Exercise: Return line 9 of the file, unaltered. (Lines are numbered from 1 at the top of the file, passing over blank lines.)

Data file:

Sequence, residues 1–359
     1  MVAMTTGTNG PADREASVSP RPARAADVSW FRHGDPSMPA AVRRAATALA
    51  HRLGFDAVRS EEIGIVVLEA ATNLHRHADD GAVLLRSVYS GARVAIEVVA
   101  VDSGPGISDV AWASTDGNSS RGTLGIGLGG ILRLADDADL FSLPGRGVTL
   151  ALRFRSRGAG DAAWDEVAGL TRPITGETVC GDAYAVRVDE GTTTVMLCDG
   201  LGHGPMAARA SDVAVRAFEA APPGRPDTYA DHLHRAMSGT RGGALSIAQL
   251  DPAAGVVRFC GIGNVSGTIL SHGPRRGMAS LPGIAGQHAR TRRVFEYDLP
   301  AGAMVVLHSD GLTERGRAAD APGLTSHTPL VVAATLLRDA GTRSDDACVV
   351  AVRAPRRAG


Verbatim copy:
   351  AVRAPRRAG